Ellen remembers growing up with tubes of insects in the family freezer, or the airing cupboard. “What impressed me was my father seemed to know everything – any insect, bird or plant – and I wanted to be like that too. But he let us find our own path. I never found creepy-crawlies scary and could exploit my elder brother’s fear of spiders. All I needed to do was pick up a fat, juicy spider and my big, strong brother would shoot off. So did my Dad actually! ”
During a zoology course at Glasgow University, and for two years afterwards, Ellen went on various expeditions abroad –to the tropical forests of Costa Rica, to a gibbon rehabilitation centre in Thailand and to Australia. “It was only when I returned to do a Master’s Degree in wildlife conservation and management at Reading University that I rediscovered British wildlife. I had always avoided insect projects at university, not wanting to be accused of following in my father’s footsteps, but that feeling wore off.”
At the museum Graham was charged with developing the collections of Diptera, since so many of his predecessors had concentrated on groups such as moths, butterflies, dragonflies, beetles, bees, wasps and ants. “It is essential that we recognise the importance of Scotland. There is so much to be discovered, especially up here in the Highlands, and it is so important that we enthuse young people to take up the challenge.” Graham’s work is not only adding to the Museum’s collections, but includes applied research to advise on conservation management, as well as handling general enquiries from the public, and facilitating study by specialists and students alike.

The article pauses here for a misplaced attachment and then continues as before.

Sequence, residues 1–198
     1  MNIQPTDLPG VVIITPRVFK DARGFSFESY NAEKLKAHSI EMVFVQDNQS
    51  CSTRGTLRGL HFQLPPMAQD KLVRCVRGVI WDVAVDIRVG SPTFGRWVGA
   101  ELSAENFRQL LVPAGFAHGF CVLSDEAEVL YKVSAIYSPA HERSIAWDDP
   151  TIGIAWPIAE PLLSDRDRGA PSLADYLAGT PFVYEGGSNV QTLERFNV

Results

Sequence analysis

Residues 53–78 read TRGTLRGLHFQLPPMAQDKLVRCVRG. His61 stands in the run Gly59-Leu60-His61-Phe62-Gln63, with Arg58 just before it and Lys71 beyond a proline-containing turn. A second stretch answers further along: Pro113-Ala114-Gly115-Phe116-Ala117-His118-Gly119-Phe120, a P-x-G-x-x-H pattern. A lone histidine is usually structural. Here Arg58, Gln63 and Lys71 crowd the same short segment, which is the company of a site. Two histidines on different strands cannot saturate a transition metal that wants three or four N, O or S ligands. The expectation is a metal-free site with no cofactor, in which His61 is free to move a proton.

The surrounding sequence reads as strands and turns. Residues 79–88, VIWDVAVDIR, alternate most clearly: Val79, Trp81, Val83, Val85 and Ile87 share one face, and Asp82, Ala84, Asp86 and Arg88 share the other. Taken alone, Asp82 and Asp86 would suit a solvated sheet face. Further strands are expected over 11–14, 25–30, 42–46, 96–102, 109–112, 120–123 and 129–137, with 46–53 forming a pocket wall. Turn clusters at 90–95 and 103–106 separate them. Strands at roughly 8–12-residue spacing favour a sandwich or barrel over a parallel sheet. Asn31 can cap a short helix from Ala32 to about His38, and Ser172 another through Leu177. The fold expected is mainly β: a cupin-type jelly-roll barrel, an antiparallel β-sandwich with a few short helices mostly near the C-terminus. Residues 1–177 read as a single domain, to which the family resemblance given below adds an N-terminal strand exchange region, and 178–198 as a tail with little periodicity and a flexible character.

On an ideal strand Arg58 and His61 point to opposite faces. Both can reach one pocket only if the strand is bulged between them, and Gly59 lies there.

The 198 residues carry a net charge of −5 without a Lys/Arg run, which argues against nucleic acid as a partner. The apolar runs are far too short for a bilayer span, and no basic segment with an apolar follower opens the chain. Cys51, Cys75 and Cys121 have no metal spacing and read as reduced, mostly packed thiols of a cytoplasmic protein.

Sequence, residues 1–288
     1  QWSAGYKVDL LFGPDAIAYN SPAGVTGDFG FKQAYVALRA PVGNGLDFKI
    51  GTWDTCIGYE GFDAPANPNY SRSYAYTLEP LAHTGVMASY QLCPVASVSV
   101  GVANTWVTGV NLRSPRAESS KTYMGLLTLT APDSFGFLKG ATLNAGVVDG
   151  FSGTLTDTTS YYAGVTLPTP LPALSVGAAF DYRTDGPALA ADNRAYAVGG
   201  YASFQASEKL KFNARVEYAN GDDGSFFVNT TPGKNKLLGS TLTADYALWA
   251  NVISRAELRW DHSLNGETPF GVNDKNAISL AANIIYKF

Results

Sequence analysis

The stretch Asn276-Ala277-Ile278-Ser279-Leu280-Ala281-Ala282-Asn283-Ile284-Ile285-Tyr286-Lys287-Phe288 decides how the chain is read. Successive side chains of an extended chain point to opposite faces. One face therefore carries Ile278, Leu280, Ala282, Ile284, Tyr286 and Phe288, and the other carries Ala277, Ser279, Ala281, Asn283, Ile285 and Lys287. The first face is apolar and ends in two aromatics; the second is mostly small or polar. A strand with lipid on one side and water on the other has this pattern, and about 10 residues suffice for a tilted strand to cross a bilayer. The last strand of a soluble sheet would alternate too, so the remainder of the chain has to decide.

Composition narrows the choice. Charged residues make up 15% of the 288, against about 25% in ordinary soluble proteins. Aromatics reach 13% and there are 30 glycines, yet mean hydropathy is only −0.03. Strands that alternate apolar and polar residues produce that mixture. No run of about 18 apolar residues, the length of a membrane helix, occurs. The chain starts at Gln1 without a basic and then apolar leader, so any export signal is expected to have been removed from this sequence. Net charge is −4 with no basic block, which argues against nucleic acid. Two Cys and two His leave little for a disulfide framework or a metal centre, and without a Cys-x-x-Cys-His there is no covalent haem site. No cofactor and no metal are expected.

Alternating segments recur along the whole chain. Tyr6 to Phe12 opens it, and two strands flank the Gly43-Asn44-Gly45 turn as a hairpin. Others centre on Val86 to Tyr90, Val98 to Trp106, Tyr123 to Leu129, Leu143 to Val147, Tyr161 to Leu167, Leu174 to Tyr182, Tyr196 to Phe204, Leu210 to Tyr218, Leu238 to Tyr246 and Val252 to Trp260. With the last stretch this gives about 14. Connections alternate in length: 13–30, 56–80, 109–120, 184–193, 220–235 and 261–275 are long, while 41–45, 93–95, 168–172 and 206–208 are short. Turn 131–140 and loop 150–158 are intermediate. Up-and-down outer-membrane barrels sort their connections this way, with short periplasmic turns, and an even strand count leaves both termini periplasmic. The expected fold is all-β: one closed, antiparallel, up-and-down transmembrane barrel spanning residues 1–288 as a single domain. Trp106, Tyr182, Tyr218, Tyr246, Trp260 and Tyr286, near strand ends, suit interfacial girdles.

He developed a keen interest in ancient Scottish woodlands, especially in one of the ‘big three’ deadwood Scottish hoverflies that occur there, the rare Callicera rufa. It had been discovered in the pinewoods of Strathspey in 1905 but many decades later Graham and six colleagues were to discover it much further north, in the Beinn Eighe National Nature Reserve in Wester Ross. Triumphant they decided that same evening to form themselves into a select team called the Malloch Society (after a famous Dipteran specialist), dedicated to the study of rare and significant fly species.
It was another rare hoverfly species, the aspen hoverfly, Hammerschmidtia ferruginea, that Ellen choose for her MSc project. “I asked my Dad about it and got quite enthused, but we worried that we would not be able to find enough to work on.” Graham explained that the larvae require decaying aspen logs but these are a scarce resource and aspen is spread thinly in little clumps.